In just under four weeks we’ll find out who’ll be the first ever official Olympic champion in motor sport — and they’ll win their medal through playing Gran Turismo Sport.
It’s a sentence we still can’t quite fully believe, but the Olympic Virtual Series, a full Olympic-level event recognized by the International Olympic Committee will come to a close next month. As we reported earlier in the week, the official qualification time trial in GT Sport ended a couple of days ago, with Italy’s Valerio Gallo coming out on top.
The 16 qualified drivers will head to a three-race final early next month, with the racing itself taking place on June 6. However we’re going to have to wait a while to find out the results, with the final set for a June 23 broadcast date.
At the moment we’re not sure what the format of the final will be other than the car and track combinations. If the Olympic event follows the traditional GT Sport finals format, the opening two races will be shorter, sprint races, with a longer final race requiring at least two pit stops. We do know that the third race will be worth double points, further hinting at a longer race:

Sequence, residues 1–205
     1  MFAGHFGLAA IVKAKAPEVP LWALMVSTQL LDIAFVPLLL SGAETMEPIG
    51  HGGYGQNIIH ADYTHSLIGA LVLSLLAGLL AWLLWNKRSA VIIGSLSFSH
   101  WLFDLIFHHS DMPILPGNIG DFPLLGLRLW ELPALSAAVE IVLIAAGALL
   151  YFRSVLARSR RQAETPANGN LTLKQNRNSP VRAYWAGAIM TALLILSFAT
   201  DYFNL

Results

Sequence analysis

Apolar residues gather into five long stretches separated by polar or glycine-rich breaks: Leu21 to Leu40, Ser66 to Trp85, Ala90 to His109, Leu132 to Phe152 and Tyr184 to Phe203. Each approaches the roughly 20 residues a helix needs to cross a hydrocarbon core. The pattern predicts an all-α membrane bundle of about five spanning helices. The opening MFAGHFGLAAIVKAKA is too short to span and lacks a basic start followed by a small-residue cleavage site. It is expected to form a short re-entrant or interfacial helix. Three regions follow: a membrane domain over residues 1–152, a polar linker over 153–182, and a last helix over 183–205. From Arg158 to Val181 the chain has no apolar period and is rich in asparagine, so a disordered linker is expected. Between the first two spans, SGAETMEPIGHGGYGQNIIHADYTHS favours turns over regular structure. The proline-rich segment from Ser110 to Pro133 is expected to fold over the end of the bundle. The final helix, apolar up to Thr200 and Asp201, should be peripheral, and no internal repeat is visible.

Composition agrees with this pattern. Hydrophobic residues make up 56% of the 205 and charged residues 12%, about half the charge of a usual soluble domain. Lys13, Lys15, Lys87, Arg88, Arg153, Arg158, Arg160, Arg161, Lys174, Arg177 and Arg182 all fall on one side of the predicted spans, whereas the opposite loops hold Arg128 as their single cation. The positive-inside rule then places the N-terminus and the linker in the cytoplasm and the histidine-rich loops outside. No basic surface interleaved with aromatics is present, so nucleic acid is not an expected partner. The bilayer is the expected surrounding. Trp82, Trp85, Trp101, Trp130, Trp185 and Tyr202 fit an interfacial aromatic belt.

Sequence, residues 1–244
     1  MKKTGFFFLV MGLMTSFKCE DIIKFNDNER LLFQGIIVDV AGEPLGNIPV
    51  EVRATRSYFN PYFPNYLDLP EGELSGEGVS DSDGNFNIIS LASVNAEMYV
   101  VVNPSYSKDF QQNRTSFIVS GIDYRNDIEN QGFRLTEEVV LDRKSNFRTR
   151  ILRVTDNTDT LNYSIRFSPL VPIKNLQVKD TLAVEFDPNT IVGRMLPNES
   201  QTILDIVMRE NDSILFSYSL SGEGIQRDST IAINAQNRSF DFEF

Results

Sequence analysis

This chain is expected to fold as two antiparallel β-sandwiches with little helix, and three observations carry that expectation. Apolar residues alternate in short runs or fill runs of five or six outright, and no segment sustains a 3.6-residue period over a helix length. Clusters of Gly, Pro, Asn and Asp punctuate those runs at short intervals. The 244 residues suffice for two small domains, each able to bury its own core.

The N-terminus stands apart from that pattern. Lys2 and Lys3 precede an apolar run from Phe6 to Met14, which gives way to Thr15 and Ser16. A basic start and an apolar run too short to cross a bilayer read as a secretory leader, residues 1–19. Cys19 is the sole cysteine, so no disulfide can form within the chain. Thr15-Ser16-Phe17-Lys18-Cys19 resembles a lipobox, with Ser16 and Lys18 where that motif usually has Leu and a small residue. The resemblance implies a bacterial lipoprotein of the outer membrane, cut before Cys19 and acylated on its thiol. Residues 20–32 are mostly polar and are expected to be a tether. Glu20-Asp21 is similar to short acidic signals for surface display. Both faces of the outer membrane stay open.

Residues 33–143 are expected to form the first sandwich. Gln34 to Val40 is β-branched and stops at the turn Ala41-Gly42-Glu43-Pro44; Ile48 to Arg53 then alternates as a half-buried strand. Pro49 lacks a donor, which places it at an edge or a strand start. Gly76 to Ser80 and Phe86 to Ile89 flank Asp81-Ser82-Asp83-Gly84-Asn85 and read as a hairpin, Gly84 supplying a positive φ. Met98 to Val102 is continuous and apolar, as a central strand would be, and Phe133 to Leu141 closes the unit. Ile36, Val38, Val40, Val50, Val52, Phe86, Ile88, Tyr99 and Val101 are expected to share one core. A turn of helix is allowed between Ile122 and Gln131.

- Race 1 – Toyota 86 Gr.4 – Tokyo Expressway East Outer Loop
- Race 2 – Toyota GR Yaris – Sardegna Road Track B
- Race 3 – Toyota GR Supra Racing Concept Gr.3 – Dragon Trail Seaside
Ordinarily it’s Gran Turismo’s own channels that show these live events, but it appears that the Olympic Virtual Series final will be available on the PlayStation Twitch channel.
Given the tight nature of qualifying, with just 0.391s covering the 16 drivers, it’s likely to be a closely contested event. All three individual GT Sport world champions — Igor Fraga (Brazil), Mikail Hizal (Germany), and Takuma Miyazono (Japan) — have qualified, along with several familiar faces from the GT Sport World Tour. Andrew Brooks (Canada), Daniel Solis (USA), Angel Inostroza (Chile), and Baptiste Beauvois (France) have all attended multiple FIA finals events before.
There’s some new drivers too, with Nikita Moysov (Czech Republic), Kostas Konstantinou (Greece), Stanford Chau (Hong Kong), and Taj Aiman (Malaysia) all taking part in their first top-tier Gran Turismo finals event. Nathayos Sirigiya (Thailand) was previously a finalist at GT Academy Asia in 2015, reaching the final race.
We’ll bring you all the news on the Olympic Virtual Series final as we get it — and good luck to all the competitors.